"He's a difference maker. He is a game changer," Mayhew said. "I think people throw around the term ‘ballhawk' pretty loosely. This guy really is that."

What set him apart, Mayhew said, was his on-field awareness and his ability to track the ball in the air. He displayed a knack for jumping receivers' routes and knowing exactly where the quarterback was planning to throw. And when he didn't, he just had a way of figuring it all out.

"He has a really good feel for routes and route combinations," Mayhew said. "He can see where everybody is and then he can track the ball really well down the field, and that's a difficult thing to do. When you're running with your back to the ball, you've got to turn around and locate it. He does a great job of doing that, which probably comes from him being on the offensive side of the ball when he was younger."

Forbes was a four-star cornerback at Grenada High School in Mississippi, where he had eight interceptions in his career — including two Pick-6s. But he was actually a three-way player. He played receiver, too, and caught 31 passes for 499 yards and seven touchdowns. He even excelled on special teams, where he blocked two punts.

That experience as a receiver was big, and seeing the field like a wideout is undoubtedly an advantage, and a big reason why he's intercepted so many passes. But it helped that his size wasn't a liability in high school or, for the most part in college. He could make up for what he lacked with speed and instincts.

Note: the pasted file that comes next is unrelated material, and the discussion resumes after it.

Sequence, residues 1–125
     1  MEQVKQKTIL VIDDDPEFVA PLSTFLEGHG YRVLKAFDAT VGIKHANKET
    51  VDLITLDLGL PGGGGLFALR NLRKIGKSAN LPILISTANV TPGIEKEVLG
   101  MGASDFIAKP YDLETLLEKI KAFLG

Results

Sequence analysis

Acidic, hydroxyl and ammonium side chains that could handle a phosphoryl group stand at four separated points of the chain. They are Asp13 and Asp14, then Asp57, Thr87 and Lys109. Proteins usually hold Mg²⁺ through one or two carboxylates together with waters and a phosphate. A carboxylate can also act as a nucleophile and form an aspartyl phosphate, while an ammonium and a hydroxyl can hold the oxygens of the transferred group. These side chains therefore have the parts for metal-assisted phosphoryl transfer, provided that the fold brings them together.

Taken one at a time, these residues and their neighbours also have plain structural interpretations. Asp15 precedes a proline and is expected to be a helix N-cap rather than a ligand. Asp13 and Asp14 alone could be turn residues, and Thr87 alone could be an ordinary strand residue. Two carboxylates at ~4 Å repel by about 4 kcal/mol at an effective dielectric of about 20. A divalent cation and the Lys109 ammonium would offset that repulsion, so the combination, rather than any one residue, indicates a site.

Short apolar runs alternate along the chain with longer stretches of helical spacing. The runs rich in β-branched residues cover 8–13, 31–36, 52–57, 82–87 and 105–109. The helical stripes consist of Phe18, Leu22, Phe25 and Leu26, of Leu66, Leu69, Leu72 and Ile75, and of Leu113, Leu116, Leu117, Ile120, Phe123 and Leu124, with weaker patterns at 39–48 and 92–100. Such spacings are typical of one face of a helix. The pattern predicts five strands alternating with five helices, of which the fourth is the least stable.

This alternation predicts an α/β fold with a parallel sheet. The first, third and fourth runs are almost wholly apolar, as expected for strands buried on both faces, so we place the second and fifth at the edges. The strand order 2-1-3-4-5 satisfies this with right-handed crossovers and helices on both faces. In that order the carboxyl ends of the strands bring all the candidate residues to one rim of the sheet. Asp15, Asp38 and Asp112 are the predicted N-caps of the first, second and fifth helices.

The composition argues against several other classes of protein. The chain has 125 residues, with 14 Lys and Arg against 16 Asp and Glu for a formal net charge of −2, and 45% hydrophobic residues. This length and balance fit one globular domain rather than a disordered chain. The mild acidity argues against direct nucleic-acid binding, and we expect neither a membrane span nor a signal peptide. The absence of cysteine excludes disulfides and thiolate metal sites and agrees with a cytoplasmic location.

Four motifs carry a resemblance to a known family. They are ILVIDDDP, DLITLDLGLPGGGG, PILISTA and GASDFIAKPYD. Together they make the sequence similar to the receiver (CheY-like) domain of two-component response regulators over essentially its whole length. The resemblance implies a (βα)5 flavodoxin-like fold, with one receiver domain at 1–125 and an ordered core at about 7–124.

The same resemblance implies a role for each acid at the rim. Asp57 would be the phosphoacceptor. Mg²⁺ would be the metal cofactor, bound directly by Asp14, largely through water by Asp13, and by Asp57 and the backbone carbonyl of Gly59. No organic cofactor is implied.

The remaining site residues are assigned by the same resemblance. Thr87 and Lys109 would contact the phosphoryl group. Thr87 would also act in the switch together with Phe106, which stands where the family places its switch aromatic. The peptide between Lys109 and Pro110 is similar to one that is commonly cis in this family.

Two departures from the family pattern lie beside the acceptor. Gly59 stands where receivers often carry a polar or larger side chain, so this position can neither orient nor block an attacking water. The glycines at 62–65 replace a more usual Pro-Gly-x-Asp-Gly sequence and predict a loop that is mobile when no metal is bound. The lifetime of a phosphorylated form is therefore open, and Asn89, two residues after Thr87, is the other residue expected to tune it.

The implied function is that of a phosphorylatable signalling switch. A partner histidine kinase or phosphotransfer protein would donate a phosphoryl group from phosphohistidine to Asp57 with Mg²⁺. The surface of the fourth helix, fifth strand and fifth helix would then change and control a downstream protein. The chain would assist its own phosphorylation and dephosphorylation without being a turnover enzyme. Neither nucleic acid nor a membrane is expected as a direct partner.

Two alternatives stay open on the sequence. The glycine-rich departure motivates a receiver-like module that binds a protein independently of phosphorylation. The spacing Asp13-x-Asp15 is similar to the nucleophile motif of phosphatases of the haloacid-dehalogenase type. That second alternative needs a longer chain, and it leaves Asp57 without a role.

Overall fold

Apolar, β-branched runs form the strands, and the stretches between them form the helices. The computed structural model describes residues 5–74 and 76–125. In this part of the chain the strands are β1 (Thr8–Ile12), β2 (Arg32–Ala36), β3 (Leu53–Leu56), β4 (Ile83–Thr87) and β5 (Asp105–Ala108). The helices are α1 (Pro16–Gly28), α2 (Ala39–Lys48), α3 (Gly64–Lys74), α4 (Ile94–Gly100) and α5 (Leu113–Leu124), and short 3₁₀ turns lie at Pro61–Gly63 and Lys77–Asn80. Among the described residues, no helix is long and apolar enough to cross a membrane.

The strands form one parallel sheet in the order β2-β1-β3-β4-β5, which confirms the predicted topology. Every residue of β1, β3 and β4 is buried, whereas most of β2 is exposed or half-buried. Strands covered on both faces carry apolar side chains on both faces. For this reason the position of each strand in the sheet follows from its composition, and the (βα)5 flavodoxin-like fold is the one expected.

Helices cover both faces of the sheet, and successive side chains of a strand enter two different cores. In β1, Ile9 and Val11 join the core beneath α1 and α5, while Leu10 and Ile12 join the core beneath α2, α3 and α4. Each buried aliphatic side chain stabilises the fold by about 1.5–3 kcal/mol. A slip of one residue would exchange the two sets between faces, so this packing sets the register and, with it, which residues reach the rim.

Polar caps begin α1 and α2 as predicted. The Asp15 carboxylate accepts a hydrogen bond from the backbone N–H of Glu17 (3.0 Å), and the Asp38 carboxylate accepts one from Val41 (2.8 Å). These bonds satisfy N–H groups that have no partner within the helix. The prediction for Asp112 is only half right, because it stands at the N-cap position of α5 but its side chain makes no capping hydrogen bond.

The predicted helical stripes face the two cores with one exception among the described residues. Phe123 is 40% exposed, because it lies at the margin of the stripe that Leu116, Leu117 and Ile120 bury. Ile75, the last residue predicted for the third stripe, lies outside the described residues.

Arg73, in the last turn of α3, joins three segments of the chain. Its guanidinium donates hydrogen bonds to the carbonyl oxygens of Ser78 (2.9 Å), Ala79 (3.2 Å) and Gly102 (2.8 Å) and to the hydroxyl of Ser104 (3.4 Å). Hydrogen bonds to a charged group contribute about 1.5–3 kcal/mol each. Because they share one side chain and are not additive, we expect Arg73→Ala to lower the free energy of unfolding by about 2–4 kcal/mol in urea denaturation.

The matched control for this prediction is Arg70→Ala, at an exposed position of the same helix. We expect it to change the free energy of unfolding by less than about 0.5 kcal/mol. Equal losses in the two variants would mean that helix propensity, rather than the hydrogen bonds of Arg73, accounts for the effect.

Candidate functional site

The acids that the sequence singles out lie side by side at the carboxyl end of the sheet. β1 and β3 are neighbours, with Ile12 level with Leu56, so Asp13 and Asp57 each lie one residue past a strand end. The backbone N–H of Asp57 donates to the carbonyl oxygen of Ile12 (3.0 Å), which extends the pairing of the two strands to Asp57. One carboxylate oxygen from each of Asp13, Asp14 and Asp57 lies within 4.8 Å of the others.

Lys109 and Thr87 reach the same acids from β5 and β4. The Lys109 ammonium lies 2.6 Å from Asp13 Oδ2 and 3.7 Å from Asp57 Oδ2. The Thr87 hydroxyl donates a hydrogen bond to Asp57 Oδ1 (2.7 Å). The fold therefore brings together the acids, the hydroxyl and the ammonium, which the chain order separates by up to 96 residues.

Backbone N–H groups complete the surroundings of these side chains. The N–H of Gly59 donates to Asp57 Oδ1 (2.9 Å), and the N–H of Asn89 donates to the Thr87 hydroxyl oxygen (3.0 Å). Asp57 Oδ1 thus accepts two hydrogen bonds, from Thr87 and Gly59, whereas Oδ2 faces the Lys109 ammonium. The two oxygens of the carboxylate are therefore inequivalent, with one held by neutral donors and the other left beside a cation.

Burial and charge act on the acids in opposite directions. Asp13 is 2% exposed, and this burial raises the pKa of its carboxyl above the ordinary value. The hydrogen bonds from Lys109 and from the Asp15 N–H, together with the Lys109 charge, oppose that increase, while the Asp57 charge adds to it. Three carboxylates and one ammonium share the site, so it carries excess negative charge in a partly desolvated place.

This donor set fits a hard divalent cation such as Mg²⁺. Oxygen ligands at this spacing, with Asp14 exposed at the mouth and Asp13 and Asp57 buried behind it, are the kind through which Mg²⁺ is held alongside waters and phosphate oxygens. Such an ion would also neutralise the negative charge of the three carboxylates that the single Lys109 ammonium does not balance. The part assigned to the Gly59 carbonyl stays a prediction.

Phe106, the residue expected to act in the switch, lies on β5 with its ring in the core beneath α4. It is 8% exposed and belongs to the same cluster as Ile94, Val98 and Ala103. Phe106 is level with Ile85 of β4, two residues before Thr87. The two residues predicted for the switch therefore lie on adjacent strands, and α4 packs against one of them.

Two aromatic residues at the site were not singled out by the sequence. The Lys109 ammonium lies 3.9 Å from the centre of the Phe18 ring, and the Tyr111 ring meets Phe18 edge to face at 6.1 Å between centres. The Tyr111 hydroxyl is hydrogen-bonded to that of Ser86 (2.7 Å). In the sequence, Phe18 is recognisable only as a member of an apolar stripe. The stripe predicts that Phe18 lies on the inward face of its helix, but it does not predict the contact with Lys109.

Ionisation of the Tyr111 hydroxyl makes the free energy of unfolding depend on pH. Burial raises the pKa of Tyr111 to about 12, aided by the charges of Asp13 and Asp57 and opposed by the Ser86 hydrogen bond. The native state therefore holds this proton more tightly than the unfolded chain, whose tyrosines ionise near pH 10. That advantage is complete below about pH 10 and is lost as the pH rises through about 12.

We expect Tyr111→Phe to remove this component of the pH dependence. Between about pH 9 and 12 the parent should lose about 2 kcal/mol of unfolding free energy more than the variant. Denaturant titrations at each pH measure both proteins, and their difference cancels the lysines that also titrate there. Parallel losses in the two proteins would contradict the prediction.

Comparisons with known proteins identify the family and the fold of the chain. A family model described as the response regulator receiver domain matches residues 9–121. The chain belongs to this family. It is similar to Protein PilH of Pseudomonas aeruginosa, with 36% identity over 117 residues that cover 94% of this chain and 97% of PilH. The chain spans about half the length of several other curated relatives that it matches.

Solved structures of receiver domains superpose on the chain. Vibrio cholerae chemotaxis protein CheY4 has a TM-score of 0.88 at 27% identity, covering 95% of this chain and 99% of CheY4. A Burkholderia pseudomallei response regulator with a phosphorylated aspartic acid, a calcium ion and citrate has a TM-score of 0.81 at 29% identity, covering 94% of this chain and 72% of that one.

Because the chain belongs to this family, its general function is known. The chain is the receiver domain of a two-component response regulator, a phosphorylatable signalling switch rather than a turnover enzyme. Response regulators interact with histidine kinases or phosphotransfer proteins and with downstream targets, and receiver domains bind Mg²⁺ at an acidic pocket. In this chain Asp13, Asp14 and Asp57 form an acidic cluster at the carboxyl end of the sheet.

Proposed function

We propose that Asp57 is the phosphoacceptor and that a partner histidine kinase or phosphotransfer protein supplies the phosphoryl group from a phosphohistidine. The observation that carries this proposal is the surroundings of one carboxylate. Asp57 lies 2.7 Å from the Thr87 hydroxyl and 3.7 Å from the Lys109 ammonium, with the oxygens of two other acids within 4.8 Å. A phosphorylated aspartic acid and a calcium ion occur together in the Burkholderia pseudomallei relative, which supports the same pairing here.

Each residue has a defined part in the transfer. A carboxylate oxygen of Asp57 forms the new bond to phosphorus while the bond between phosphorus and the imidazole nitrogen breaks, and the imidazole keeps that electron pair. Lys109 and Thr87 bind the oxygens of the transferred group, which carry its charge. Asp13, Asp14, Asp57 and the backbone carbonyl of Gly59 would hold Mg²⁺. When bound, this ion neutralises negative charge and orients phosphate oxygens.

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In the NFL, the receivers will be bigger, faster and stronger. In many cases they'll be smarter, too. And that's where the worries come in.

Forbes will be one of the lightest players in the NFL, right up there — or down there — with Buccaneers receiver Deven Thompkins (5-8, 155) and Rams receiver Tutu Atwell (5-9, 165). He is 16 pounds lighter than the lightest player on the Commanders — receiver Jahan Dotson (5-11, 182). The Commanders actually list Forbes at 180, which was his listed weight at Mississippi State. Even that seemed small until he stepped on the scales at the combine and was revealed to be 14 pounds smaller.

But again, Forbes and the Commanders are convinced that size doesn't matter — at least not for him.

"Honestly, they didn't really care too much about my weight because I can play ball," Forbes said. "That's all that matters and it never affected my game, so it really didn't play a factor."

"I think he's got the chip on his shoulder about his weight," Rivera added. "It doesn't seem to affect how he plays, obviously. So he's just confident about that. And that was, that was really good to see."

Ralph Vacchiano is the NFC East reporter for FOX Sports, covering the Washington Commanders, Philadelphia Eagles and New York Giants. He spent the previous six years covering the Giants and Jets for SNY TV in New York, and before that, 16 years covering the Giants and the NFL for the New York Daily News. Follow him Twitter at @RalphVacchiano.